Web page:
Putting some of yourself into your story. A successful nonfiction book makes us care about the topic. It's imbued with a sense of the author's experiences and love for their subject in a way that captures a young reader's imagination. (For more about this, I recommend the recently published book of essays by nonfiction writers, edited by Melissa Stewart, Nonfiction Writers Dig Deep.) Picture books can accomplish this in different ways – with pathos or humor or art or numbers. Each reader is different, and a book succeeds if it finds a reader who loves it.

When do you feel it is important to have a website?

When you sell your first story. Before selling a manuscript, each book creator needs to decide for themselves. If you want to focus your energy on creating books rather than websites at that point, then you should write the books and defer the website. But once you've sold a manuscript, even before the book is published, it's a good time to create an online presence. You want a place where readers can find you. Your website becomes a tool to get your book into the hands of your readers—and that's your goal.

Congratulations on Water: A Deep Dive of Discovery, your new book which releases this month by Barefoot Books. Please tell our members about the book?

Thank you! I'm excited about this book, so beautifully illustrated by Mariona Cabassa. It's all about water—from the water cycle to the states of water (ice, water vapor, liquid) to the ways we use it, how to protect it, and more. I wanted to convey the wonder and magic of water while giving kids accurate information. I also wanted to introduce kids to the interrelated environmental issues that face us, and how water is central to understanding and addressing them. Climate change, world hunger, drought and flooding, animal extinctions – water is at the heart of all these crises.

With the talented team at Barefoot Books, we created a gorgeous, oversized (64-page) picture book full of maps, graphs, sidebars, and lively, bright illustrations. It has fold-out page wings for extra-large graphics, and fold-up flaps with ideas for activities, experiments, and action items.

And I'm excited to share that Kirkus likes it! WATER got a starred review, which said, "Mihaly has a way with words; her explanations are clear and her language well chosen, with pleasing alliteration. … She addresses readers directly, with respect for their capacity." So, I'm hoping kids will like it too!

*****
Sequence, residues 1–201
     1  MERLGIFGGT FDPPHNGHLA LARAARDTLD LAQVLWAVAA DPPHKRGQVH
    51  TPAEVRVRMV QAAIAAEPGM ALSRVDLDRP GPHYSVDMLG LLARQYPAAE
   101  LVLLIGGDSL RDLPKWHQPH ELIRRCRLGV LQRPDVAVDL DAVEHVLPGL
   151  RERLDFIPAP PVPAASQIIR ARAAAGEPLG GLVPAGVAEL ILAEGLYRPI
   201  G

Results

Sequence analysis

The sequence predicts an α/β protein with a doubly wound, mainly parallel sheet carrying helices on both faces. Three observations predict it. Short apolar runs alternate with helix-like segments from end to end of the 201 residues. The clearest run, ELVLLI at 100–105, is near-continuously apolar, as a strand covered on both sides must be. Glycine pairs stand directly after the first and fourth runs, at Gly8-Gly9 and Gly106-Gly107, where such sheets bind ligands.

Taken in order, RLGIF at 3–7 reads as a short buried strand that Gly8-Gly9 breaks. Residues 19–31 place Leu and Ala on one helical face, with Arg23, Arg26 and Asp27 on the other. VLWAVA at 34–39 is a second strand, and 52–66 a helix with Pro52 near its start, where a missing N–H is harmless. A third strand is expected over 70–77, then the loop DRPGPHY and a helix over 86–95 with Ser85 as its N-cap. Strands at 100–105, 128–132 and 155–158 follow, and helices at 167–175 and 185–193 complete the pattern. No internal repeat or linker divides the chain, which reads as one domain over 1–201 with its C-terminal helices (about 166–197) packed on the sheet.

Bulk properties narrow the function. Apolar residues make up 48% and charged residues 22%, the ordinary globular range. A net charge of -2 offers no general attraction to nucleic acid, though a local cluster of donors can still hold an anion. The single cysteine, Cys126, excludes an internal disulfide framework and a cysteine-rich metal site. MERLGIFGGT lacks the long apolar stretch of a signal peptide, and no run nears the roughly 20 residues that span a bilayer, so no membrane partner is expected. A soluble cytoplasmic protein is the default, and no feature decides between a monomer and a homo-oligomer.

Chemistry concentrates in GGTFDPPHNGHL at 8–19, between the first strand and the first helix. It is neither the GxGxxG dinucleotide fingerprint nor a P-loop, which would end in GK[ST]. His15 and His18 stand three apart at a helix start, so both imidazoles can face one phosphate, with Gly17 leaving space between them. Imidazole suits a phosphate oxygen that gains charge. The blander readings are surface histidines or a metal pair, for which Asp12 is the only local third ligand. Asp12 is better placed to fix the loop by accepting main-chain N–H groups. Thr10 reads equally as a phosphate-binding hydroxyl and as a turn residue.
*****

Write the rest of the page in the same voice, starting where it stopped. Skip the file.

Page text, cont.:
In closing, please share a final writing tip with our members.

What I'd say is: Find what you love in your work, and focus on that.

If you don't love what you're writing, it will show. So, if you are struggling to love your work, try to figure out why. Ask yourself: Is there something else you'd prefer to write? Why not write a short story or article? Something shorter or longer, on another theme or topic? Could you write a poem, as a break or for inspiration? I often find writing a poem will clear my head and help me rediscover the joy.

Of course, you won't love every word you write. First drafts always need revising. But are you loving the process? Can you see that you'll love the final book? Or are you missing that spark?

There are days when I'm not happy with what I've written, or I have an assignment that I don't really feel like writing … but overall, I deeply love my work. I love that my job is writing these books. And I think if you feel that way about your writing, it will show, and that love will carry you through … even if you have to slog through seven rounds of revisions to get where you're going. Hang in there, writers—you can do it!

Christy Mihaly’s works:

Illustrated by Mariona Cabassa

Sept 2021, Barefoot Books

Illustrated by Manu Montoya

2020, Albert Whitman & Company

Illustrated by Joe Cepeda

2018, Holiday House

2018, Twenty-First Century Books/Lerner

School/Library market

Governing the United States series, Rourke Educational Media, 2020 (Ask the Mayor, Ask the Governor, Ask a Congressperson, Ask the Attorney General, Ask a Judge, Ask the President.)

Shaping the Debate series, Rourke Educational Media, 2019 (Climate Change, Free Press, Free Speech, Human Rights, Immigration, Women’s Rights.)

Sunlight (Natural Resources) Pop! 2019

Rocky Mountain (Scientists in the National Parks) Rourke, 2019

California’s Redwood Forest (Natural Wonders of the World) Focus Readers, 2018

Elephants (Animals of Africa). Focus Readers, 2017

Moose (Animals of North America). Focus Readers, 2017

All About Apps (Cutting-Edge Technology). Focus Readers, 2017

Using Math in Fashion (Math You Will Actually Use). Rosen Central, 2017

Getting Paid to Make Cosplay Costumes and Props (Turning Your Tech Hobbies into a Career). Rosen Publishing, 2017

Christy Mihaly writes children's books, articles, stories, essays, and poems. She practiced law for more than 20 years, and is particularly drawn to writing nonfiction -- all kinds of nonfiction! "WATER: A Deep Dive of Discovery," her fall 2021 title, leads young readers on a fascinating tour of the world of water.

IG: @christymihaly

Twitter: @CMwriter4kids